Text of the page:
All hard currency inflows, except personal transactions such as remittances, must be converted by the banks into the new local currency at a real market price, based on supply and demand.
Fifthly, we need to demonetise all foreign currencies for local transactions.
That means that foreign currencies will no longer be acceptable in local markets, taxi fares, hotels, service payments, taxes and all other local payments people have to make must be conducted in local currency.
That means that retailers and all others are going to have to have confidence in our currency and that means discipline in the monetary system. It also means that our local currency must be convertible into hard currency on demand.
That’s a tough list of basic decisions that need to be made to support the basic decision to re-introduce our own currency. All far reaching and game changing in themselves. What remains?
Let’s say we agree to the above and go ahead.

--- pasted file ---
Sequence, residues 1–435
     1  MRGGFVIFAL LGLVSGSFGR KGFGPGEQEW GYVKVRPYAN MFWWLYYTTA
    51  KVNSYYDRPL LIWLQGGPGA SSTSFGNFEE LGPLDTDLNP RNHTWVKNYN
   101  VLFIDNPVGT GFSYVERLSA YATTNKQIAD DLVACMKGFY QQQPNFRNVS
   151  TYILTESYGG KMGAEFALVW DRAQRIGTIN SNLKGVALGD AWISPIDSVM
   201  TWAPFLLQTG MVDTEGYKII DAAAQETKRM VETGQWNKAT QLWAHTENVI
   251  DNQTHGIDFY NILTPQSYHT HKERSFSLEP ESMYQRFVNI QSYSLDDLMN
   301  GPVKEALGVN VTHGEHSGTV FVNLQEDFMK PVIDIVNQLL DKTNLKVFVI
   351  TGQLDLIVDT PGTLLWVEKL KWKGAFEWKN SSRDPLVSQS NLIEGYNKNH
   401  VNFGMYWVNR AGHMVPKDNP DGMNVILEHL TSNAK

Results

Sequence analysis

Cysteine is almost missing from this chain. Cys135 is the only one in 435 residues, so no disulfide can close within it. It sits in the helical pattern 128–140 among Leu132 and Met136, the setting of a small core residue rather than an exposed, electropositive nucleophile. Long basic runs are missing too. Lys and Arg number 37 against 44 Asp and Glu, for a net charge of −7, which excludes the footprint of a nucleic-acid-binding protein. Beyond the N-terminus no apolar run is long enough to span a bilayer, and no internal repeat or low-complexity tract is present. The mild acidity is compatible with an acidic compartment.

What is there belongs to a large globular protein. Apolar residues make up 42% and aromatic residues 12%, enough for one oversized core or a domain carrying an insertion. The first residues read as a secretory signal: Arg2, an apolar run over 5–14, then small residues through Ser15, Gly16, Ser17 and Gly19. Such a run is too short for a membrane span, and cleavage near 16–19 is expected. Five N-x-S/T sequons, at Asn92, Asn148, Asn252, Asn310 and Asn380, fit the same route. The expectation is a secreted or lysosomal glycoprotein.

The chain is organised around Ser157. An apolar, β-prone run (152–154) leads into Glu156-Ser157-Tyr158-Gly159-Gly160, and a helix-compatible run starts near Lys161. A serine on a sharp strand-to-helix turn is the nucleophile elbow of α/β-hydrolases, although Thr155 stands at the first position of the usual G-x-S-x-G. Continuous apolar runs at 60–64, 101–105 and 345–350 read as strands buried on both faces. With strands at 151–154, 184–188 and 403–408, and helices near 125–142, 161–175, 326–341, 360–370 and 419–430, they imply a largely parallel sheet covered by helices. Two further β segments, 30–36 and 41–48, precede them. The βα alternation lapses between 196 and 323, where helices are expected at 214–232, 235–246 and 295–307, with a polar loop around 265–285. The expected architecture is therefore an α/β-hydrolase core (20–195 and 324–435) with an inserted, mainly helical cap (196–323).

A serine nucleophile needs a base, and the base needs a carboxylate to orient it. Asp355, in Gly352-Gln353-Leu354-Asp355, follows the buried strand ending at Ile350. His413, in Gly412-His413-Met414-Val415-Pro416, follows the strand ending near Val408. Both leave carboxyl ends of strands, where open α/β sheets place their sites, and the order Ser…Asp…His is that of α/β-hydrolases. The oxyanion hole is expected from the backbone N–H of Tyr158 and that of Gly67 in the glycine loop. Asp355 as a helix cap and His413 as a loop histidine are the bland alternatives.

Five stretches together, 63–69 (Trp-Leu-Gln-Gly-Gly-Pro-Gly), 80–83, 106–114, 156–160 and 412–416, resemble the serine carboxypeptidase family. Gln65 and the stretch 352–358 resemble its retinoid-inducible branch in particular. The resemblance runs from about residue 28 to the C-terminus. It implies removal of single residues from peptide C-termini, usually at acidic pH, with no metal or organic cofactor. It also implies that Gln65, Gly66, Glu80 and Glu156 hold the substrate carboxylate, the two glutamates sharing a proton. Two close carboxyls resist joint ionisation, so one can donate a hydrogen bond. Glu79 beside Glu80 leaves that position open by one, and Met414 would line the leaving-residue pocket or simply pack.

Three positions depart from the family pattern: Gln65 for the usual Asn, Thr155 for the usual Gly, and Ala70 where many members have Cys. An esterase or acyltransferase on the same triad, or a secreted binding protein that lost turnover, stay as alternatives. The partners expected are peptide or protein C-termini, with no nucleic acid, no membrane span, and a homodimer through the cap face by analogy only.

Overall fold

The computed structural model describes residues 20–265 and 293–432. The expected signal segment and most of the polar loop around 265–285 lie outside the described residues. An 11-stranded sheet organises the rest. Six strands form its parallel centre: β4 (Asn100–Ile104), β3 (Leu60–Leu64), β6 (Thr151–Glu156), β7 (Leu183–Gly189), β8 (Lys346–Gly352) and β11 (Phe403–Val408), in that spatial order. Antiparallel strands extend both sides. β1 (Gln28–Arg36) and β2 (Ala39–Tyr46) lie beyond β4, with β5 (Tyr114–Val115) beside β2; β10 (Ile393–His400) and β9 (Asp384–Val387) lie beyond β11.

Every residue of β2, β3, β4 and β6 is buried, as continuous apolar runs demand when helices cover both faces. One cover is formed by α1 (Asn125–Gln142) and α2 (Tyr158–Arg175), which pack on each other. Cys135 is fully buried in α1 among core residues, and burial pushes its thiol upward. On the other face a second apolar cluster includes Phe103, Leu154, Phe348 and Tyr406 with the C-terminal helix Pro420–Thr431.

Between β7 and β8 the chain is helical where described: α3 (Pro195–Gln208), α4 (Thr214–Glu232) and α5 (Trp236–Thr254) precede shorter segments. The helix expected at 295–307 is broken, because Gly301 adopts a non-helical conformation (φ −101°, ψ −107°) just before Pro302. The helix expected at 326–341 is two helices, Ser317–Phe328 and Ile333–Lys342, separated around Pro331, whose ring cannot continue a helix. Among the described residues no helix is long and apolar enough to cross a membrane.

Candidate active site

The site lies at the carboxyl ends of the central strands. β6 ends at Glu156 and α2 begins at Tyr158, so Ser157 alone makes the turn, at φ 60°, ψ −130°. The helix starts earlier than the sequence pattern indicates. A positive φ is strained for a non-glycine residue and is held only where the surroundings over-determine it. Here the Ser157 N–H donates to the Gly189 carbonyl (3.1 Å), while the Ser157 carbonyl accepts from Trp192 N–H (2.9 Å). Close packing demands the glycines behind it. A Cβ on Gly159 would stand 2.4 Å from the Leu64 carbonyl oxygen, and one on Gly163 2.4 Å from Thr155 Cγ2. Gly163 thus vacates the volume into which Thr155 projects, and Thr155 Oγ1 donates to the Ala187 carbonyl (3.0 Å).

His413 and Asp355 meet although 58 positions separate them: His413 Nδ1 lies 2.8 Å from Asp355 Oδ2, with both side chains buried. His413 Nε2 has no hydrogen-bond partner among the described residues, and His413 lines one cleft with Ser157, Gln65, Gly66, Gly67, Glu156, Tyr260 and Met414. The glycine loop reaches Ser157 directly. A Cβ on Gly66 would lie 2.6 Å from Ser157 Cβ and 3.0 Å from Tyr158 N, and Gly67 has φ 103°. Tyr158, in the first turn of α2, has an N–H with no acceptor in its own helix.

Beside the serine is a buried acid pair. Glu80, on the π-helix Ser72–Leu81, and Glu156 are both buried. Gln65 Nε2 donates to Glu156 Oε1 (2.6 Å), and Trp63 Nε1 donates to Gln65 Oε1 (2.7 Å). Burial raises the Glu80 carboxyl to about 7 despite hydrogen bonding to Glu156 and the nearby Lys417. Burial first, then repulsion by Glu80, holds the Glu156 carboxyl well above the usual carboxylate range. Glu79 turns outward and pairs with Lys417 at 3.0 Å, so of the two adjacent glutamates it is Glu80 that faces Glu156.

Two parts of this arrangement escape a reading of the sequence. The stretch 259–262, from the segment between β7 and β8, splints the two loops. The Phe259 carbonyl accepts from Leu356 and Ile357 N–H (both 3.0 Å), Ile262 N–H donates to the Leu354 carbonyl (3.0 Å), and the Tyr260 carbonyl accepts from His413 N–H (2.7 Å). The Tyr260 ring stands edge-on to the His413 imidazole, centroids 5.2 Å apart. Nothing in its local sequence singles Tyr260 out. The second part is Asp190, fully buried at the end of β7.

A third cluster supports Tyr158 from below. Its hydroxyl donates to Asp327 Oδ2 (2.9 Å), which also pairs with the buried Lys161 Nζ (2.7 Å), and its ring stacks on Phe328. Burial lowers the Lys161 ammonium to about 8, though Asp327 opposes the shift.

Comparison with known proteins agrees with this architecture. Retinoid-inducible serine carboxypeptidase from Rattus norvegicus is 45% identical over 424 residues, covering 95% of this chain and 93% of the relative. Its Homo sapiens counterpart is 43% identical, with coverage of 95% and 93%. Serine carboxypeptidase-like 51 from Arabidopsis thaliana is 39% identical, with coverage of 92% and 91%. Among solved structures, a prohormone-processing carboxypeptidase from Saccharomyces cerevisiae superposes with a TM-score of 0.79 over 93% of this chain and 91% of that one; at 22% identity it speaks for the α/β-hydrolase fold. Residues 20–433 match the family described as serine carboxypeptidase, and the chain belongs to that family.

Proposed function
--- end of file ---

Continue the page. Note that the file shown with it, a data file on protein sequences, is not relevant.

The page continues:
The problem we then have is that in an open free market for currency, our own currency would become too expensive. That was the problem of the Rhodesians who followed policies that kept the local currency strong. But they were under mandatory UN sanctions and completely isolated.
They had exchange control to manage currency supplies and restricted imports through this means which created a totally protected industrial economy which produced 95 percent of what we consumed. A great achievement, but it also created an inefficient and uncompetitive industrial sector, that collapsed when challenged.
Every economy that has seen rapid, sustained growth in the past 100 years has followed monetary policies that undervalued their own currency; Japan since 1949, China since 1976. Even today we have seen Japan devalue its currency in the past year to maintain their industries and export activities.